…As bursar and accountant convicted for corruption
December 14, 2015 By Patrick Jaiah Kamara
The High Court Judge in Kenema, Justice Ernest Gooding, last Thursday (10 December, 2015) sentenced former Bursar of the Islamic Secondary School in Kenema, Millicent Augusta Blango, to 35 years imprisonment or fine of Le175 million, and Samuel K. Ngegba, erstwhile accountant at the Kenema Sub-Treasury department, to ten years imprisonment or an alternative fine of Le50 million.
The judge also ordered both convicts to pay Le71, 055, 365.00 each apart from the fines levied by the court to the Finance Department of the Anti-Corruption Commission (ACC) within the period of six months.
Justice Gooding also ordered that the accounts of the convicted persons be unfrozen and first choice of proceeds thereof be used to pay the fines and restitution.
Ms. Blango had been convicted on only five of the nineteen counts charged levied against her by the ACC for misappropriation of public funds, contrary to the ACC Act of 2008, and sentenced to seven years on each of the five counts cumulatively for 35 years or payment of a fine of Le35 million on each counts.
Mr. Ngbegba, on the other hand, was found guilty of the offence of conspiracy to commit corruption offences.
Both convicted accused persons were also fined for siphoning salaries of teachers over a period of two years.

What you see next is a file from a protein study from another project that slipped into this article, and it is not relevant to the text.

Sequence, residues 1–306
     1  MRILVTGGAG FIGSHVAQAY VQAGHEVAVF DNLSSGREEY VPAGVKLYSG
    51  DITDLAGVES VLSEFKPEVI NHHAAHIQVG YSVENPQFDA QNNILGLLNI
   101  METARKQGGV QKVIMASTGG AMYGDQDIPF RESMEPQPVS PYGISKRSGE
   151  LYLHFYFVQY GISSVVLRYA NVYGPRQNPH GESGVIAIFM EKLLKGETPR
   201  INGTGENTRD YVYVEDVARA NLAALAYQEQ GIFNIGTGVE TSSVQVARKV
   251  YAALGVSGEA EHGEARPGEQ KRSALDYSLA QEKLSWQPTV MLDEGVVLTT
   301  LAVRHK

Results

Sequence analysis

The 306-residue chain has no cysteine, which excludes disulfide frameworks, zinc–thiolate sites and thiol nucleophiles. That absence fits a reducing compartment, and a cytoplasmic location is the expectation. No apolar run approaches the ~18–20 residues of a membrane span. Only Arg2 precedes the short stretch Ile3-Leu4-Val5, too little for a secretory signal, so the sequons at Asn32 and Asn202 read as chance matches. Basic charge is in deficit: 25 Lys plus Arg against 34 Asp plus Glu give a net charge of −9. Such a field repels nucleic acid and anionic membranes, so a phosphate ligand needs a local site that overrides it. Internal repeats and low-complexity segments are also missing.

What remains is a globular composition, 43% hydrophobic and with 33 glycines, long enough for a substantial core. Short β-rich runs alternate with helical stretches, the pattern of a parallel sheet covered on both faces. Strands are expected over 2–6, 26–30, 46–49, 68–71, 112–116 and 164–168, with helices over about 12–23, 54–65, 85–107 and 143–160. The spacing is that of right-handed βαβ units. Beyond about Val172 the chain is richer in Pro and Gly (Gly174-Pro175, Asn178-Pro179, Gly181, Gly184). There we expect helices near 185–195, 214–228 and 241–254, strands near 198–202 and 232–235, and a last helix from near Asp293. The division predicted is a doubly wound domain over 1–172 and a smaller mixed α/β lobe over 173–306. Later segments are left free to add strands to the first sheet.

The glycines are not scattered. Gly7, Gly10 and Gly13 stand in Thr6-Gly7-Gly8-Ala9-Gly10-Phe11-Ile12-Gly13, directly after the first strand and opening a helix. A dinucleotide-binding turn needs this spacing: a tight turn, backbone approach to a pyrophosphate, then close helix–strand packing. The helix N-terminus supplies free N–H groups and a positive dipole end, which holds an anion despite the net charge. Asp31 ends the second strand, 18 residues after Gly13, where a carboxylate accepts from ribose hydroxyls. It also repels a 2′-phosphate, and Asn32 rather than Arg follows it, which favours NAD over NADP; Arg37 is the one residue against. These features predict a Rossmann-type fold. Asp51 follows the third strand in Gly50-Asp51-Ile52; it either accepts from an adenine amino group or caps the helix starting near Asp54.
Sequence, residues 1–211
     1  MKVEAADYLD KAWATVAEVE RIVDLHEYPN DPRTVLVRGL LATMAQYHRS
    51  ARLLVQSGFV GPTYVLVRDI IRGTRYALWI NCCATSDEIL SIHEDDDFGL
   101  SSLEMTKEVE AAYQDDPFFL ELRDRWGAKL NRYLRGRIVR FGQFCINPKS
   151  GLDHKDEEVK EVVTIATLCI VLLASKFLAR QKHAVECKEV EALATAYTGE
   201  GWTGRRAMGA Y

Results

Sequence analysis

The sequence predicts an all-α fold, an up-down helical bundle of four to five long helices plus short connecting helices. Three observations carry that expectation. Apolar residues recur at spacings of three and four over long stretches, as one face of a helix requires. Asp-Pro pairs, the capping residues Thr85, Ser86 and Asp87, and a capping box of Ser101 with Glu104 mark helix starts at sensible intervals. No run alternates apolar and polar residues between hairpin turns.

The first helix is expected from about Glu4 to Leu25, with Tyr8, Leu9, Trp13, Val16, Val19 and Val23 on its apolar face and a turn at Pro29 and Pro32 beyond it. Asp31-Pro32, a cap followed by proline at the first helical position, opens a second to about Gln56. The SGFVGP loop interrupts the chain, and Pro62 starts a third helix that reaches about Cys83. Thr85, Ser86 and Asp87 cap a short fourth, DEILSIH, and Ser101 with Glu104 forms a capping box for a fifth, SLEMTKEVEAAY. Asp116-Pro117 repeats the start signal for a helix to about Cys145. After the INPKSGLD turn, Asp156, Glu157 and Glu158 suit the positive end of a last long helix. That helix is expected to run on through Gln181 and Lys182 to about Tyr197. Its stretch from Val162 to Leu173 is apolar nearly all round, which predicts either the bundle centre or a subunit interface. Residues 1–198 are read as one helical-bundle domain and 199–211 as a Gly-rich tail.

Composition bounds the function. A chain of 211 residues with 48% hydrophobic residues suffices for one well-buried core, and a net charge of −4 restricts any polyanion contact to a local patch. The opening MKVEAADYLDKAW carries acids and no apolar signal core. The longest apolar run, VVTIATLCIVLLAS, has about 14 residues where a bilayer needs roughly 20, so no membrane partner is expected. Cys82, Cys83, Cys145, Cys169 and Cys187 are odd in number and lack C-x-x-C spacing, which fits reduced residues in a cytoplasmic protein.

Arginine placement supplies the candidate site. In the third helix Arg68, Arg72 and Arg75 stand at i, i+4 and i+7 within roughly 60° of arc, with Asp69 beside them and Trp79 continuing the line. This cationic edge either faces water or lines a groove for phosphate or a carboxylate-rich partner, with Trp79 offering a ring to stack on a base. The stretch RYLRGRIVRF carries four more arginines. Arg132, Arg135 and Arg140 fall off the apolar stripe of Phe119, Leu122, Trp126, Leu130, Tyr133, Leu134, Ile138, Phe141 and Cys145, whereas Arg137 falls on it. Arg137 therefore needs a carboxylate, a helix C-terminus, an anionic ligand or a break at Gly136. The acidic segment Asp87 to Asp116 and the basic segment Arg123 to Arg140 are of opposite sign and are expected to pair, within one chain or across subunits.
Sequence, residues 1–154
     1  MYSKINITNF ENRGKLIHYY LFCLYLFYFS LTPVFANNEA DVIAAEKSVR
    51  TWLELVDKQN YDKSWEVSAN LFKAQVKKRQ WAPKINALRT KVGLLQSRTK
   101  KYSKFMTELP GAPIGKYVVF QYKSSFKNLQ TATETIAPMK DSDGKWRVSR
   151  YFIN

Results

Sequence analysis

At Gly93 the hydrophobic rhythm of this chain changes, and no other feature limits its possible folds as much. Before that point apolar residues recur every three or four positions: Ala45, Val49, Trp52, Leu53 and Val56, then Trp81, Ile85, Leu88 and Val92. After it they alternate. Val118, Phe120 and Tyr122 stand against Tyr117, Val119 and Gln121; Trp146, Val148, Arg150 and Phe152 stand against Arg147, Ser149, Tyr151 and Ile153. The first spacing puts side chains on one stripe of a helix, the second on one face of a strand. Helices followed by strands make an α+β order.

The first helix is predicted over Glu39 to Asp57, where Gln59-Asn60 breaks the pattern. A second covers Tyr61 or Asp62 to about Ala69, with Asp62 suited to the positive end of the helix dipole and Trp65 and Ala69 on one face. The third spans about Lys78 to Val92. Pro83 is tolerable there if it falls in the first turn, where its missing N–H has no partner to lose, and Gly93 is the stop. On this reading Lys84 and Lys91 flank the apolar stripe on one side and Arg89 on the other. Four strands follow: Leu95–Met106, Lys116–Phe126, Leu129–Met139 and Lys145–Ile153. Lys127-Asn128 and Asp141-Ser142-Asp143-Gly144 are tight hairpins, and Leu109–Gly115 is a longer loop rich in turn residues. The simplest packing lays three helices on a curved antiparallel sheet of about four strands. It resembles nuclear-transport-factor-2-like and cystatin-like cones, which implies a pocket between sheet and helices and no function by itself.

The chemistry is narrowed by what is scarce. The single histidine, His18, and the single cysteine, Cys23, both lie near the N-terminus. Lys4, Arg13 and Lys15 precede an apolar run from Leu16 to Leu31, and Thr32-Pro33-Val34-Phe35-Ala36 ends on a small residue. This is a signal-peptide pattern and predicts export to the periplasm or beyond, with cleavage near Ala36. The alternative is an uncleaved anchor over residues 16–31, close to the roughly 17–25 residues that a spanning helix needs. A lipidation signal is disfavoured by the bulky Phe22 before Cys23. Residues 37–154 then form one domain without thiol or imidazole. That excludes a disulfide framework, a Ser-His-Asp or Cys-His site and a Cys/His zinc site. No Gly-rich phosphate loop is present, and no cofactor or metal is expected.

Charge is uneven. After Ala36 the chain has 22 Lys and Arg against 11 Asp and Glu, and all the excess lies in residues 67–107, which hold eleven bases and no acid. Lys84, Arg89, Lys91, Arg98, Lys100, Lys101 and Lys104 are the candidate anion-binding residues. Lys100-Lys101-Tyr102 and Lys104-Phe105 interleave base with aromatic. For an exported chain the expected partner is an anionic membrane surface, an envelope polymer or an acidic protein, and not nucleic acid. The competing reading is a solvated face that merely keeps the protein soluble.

According to ACC Prosecutors Emmanuel Koivaya Amara Esq. and Nigel B. E. Davies Esq., the accountant conspired with the bursar between 2012 to 2014 in Kenema, in the eastern province of Sierra Leone, during which he (Samuel Ngbegba) willfully assisted the bursar to misappropriated public funds amounting to the sum of one hundred and forty-two million one hundred and ten thousand seven hundred and twenty-nine Leones (Le142,110,729), being unclaimed salaries of teachers at the Islamic Senior Secondary School in Kenema.
The ACC prosecutors though offered no evidence on 14 counts of misappropriation of public funds which Madam Blango was indicted on after she pleaded guilty of five of the 19 counts.
Justice Gooding in his ruling stated that the offences committed by the convicts were grave, adding that corruption was a cancer in the country and that we must be robust in the fight against it for the future of the country.
He maintained that corruption of such magnitude was economic terrorism and that both convicts deserve to go to jail.
“The two convicts have been grossly wicked to children and the country in general. They are elderly people and must serve as a role model to others especially to the younger generation,” Justice Ernest Gooding maintained.
The two convicts were represented by Samuel Taylor Esq. and Paul Squire Esq.